Review – Advent Vega Tegra Note 7

Saqib Shah
April 1, 2014

In the now crowded affordable tablet market, it’s hard for a contender to get a break. Everyone from Google to Amazon, and even Tesco, has a device vying for your attention. So how can a new slate hope to get a shot at the title?

The first step is reliability. Then a tablet has to be fast on its feet, light, and offer everything that its competitors offer ‘ and then some. The Advent Vega Tegra Note 7 has all those attributes, backed by a powerful processor. This little guy packs quite a punch.

[alert type=alert-blue]Design[/alert]

At just 7 inches ‘ not including its bezel ‘ the Note’s screen is small. Its clutter-free design is in keeping with the minimalist aesthetic championed by brands such as Apple. In the case of the Tegra Note 7, this is both a blessing and a curse. The lack of a physical ‘home’ button and speakers placed at the top and bottom make it hard to discern which way to hold the device.

Furthermore, it comes with clunky accessories such as a USB charger that is difficult to attach to the device, oddly arranged portholes and irritatingly tiny volume buttons.

These are small complaints when set against the device’s speed and accessible user interface, but they might add to a first-time user’s frustration.

The Tegra Note 7’s slim design does makes it easy to hold with one or both hands, though, allowing the user to easily navigate the screen with a finger or stylus.

[alert type=alert-blue]Stylus[/alert]

Named the ‘DirectStylus’, the included pen is Nvidia’s take on the type of pressure-sensitive stylus found on the Samsung Galaxy Note 10.1.

It’s a great addition, especially if you enjoy customising images; using the stylus allows for the precise cropping of pictures and screenshots. A simple but ingenious stylus-lock feature also means your clunky hands won’t smudge your artistic brushstrokes if you fancy creating a work of art using the fun yet simple Tegra Draw app.

For someone who has always been hands-on with electronics, I had yet to be convinced by the value of using a stylus for navigation. Fortunately for me, the Tegra Note 7 has changed all that. I found myself constantly using the DirectStylus, with its refined movements, to scroll through apps and widgets. But it obviously needs to be put aside when playing demanding games.

[alert type=alert-blue]Performance[/alert]

Speaking of games, the Nvidia Tegra 4 processor is ideal for gaming. Despite a low-res screen (1,280 x 800 pixels), which falls short of the 1,920 x 1,200-pixel panel found on Google’s 2013 version of the Nexus 7, it still improves graphics and boosts visual effects to deliver solid frame rates. In fact, it yields a similar performance to the latest 2.2GHz Qualcomm Snapdragon 800 devices.

Nvidia, the maker of the Advent Vega Tegra Note 7, has an advantage over other tech manufacturers because it knows how to extract the most from its processor. Consequently, even powerful games such as EA’s Real Racing run smoothly and do not suffer from lag.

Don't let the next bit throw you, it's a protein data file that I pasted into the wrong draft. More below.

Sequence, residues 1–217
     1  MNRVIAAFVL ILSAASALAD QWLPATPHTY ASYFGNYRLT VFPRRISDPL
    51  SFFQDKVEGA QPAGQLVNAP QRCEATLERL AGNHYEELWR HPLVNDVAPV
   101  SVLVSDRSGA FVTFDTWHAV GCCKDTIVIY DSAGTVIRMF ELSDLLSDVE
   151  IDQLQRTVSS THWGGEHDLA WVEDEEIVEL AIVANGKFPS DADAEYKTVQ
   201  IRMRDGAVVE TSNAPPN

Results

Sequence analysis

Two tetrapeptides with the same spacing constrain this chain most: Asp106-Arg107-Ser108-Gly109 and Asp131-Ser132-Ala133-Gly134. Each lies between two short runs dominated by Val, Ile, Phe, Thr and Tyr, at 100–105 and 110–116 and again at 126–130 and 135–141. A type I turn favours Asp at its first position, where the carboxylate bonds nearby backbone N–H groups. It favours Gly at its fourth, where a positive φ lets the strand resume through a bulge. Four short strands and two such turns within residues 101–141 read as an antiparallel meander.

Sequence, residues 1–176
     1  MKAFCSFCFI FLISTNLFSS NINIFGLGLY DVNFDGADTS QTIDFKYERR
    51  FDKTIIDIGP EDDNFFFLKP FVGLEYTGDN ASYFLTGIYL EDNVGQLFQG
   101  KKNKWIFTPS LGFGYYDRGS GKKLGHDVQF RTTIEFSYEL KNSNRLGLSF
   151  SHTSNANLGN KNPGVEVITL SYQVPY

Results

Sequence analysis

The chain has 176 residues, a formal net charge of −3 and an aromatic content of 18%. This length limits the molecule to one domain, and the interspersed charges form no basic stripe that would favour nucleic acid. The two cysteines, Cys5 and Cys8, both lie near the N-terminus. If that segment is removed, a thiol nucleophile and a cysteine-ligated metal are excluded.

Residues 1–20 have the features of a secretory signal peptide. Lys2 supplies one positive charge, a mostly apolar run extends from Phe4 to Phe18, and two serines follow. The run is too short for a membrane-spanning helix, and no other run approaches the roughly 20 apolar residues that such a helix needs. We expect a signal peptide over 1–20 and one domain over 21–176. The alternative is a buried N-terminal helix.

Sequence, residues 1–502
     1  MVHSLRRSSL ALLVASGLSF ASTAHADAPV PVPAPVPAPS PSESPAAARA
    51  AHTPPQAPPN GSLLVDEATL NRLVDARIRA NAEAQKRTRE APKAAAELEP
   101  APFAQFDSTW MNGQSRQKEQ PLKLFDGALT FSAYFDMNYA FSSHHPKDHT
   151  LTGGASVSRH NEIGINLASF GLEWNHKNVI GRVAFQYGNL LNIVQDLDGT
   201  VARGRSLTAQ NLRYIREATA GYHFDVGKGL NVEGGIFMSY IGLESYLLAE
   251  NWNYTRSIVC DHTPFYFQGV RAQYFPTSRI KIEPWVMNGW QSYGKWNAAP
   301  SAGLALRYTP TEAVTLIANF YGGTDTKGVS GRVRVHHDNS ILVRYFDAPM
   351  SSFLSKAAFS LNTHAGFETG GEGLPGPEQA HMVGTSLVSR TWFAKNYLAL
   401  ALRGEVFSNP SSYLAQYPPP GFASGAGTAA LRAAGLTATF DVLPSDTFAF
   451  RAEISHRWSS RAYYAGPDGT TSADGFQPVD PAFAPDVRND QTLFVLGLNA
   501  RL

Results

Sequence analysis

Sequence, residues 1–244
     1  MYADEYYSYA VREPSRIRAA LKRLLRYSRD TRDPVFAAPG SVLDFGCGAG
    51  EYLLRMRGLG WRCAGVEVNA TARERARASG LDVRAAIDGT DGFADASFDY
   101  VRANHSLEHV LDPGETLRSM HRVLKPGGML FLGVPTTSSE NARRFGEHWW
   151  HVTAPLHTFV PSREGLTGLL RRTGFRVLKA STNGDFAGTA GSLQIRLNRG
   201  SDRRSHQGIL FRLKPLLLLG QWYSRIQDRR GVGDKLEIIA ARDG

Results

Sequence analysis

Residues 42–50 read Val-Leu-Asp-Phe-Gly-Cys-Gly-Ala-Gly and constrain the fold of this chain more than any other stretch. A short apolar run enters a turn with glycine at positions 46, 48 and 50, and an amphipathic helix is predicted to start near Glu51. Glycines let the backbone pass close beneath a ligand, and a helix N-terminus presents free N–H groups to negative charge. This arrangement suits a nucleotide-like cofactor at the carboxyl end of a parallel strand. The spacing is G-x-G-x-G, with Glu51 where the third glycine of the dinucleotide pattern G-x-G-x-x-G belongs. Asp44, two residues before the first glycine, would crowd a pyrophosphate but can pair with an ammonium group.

[alert type=alert-blue]Software[/alert]

Apps such as Twitter, Pinterest and Instagram ‘ all of which are either image-heavy or involve endless scrolling ‘ never suffer from speed issues. I managed to easily scroll through my dense Twitter and Instagram feeds with the apps barely pausing to refresh.

Meanwhile, the operating system integration here is similar to the Tesco Hudl, with a near- enough identical menu and interface.

[alert type=alert-blue]Camera[/alert]

One aspect of the tablet that’s packed to the brim with features is its camera.  This comes as a bit of a surprise, as a rear-facing 5-megapixel camera and its front-facing snapper aren’t ideal for taking meticulous photographs, or selfies, for that matter.

If you do decide to take a picture, you can use a range of editing tools including filters and frames (think Instagram) and cropping features, which again make great use of the DirectStylus.

You can also indulge in some lighthearted customisation by doodling on the pics you have taken (a la Snapchat) via the Tegra Draw app.

Nvidia’s decision to use silly terms for its image enhancement features, such as an ‘awesomise’ button that refers to image sharpness, detracts from the otherwise professional feel of the editing tools. Other camera features include always-on HDR photography and ‘fast shot’, which allows users to take a succession of rapid-fire photos.

[alert type=alert-blue]Conclusion[/alert]

The general usability of the Tegra Note 7 can be enhanced by plugging it into a TV via its mini- HDMI port. This will be of particular interest to gamers who wish to take full advantage of its fast processor and who don’t want to be limited to its relatively small screen.

You can also pair up a compatible gamepad via Bluetooth and play a bunch of great titles. Nvidia curates optimised games that take advantage of the processor’s power in its TegraZone portal app ‘ a mini app store. As a result, the Tegra Note 7 is a decent console alternative that can be fun for all the family.

Sound quality is something of a hindrance though ‘ speech in particular seems to be too quiet, despite playing with the audio settings ‘ and its screen is a little dim.

Nonetheless, it’s a contender. Aside from some clunky design issues, the Advent Vega Tegra Note 7 is a powerful and punchy little machine. If you’re after a compact and affordable tablet, its speed sets it aside from its rivals as a device that’s great for gaming, customising images and browsing the web.

About the Author

Saqib Shah

Tech/gaming journalist for What Mobile magazine and website. Interests include film, digital media and foreign affairs.

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